The defence ministries of the UK and Sweden have signed a memorandum of understanding (MoU) to collaborate on the development of future combat air systems.
Under the MoU signed at the Royal International Air Tattoo, the UK and Sweden will work on a joint combat air development and acquisition programme.
The joint programme will include the development of new concepts to meet future combat air requirements of the two nations.
The agreement will set the stage for the countries to explore the possibility of jointly developing a future combat air system, said Swedish firm Saab.
Saab has revealed that it collaborated with British firms BAE Systems, Leonardo UK, MBDA and Rolls-Royce on a feasibility study on future combat air systems (FCAS).
UK Defence Secretary Penny Mordaunt said: “The UK and Sweden have an enduring defence relationship, with our two industries sharing a rich history of collaboration in air power.
“Not only do we share the same commitment to tolerance, freedom and free trade, we also share the same determination to defend those values, including in Afghanistan, Iraq and today as part of the UK’s Joint Expeditionary Force.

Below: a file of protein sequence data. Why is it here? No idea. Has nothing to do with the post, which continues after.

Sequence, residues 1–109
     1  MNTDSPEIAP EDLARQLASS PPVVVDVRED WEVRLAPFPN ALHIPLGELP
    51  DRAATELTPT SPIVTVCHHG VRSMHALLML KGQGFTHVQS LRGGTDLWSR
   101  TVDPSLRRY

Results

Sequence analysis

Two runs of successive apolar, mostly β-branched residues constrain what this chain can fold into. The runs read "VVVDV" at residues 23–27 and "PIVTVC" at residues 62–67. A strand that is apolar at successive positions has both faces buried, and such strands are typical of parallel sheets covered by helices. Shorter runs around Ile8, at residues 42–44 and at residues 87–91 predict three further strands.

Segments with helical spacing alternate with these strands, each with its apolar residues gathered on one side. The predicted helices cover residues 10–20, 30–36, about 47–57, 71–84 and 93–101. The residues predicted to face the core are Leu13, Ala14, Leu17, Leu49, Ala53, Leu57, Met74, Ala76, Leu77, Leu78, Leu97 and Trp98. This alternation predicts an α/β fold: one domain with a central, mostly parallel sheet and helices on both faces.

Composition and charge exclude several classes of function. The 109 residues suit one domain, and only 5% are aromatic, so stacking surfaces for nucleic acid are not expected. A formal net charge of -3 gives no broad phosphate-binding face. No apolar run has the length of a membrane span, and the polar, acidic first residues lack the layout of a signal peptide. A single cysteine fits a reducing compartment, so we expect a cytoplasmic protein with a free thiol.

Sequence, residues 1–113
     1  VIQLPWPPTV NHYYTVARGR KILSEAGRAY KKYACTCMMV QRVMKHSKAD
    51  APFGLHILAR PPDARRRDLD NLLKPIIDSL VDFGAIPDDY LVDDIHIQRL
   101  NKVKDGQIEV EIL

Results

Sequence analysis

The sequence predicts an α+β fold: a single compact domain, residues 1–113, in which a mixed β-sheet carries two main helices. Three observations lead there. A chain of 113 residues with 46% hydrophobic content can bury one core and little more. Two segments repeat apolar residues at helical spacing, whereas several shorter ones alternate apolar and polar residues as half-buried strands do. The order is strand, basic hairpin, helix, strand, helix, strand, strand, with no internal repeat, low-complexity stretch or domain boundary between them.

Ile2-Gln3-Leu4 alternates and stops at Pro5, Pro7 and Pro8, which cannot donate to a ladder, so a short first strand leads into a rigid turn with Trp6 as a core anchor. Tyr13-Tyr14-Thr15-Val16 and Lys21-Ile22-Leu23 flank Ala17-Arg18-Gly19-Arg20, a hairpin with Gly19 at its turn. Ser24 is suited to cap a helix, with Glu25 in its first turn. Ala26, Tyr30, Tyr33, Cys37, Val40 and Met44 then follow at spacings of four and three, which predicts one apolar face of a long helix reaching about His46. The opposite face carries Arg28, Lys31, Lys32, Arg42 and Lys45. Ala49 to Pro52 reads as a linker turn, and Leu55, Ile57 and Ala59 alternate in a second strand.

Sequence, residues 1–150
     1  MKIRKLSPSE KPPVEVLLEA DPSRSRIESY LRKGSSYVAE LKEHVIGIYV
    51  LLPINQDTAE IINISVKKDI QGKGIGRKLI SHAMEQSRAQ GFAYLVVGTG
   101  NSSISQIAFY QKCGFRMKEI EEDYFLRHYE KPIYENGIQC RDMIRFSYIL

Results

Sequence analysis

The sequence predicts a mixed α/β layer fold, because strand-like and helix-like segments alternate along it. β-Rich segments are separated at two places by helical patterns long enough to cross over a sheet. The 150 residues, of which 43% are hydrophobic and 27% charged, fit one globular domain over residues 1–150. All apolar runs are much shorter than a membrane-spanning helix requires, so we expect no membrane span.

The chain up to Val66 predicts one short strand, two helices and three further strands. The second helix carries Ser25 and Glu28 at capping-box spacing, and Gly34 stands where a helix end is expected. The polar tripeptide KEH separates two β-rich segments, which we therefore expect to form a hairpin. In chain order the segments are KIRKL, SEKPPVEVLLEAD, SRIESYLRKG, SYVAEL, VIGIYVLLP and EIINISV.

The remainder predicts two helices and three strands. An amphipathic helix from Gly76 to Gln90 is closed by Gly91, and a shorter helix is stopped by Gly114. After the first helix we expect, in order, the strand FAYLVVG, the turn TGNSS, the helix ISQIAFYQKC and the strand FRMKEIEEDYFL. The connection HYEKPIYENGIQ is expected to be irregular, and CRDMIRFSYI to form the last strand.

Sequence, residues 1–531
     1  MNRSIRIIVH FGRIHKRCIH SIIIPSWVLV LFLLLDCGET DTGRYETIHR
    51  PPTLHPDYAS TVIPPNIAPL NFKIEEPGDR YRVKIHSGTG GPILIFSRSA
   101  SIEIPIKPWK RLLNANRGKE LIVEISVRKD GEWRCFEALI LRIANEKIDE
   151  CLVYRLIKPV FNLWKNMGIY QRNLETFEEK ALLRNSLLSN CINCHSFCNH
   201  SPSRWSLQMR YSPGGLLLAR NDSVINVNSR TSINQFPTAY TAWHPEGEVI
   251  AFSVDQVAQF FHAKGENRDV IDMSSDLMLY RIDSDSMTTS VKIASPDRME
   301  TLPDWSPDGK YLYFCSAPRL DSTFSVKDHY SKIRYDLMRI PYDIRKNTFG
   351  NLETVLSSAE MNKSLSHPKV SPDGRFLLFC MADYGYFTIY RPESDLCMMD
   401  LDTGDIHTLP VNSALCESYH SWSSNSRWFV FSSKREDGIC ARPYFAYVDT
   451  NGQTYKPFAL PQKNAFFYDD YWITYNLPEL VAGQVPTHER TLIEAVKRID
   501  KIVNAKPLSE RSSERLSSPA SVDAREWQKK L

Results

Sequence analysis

“This agreement further deepens this partnership and sees us look to the future with a bold and shared vision of the UK and Swedish air power.”
The UK is working with an industry team to develop a next-generation combat air system known as Tempest to eventually replace the Eurofighter Typhoon aircraft from 2040.
Named ‘Team Tempest’, the industry team includes the above mentioned British companies. The government and industry will share the proposed initial investment of around £2bn in the project.
A prototype of the Tempest fighter was unveiled at Farnborough Air Show in July last year.
The UK Government is open to partnering with other countries for the advanced fighter jet programme.
Sweden Defence Minister Peter Hultqvist noted that the countries will look to incorporate advanced technologies onto Gripen and Typhoon, the fighters currently serving Sweden and the UK respectively.
These technologies could subsequently flow into the joint FCAS project.
According to Rolls-Royce, the two nations will undertake joint research and development to identify potential technologies for integration into Gripen and Typhoon.
The programme will also feature government and industry studies on different aspects, including cost modelling.
Based on the outcome of these steps, the UK and Sweden will make a decision on the further course in the partnership.
An Outline Business Case is expected to be submitted in December next year.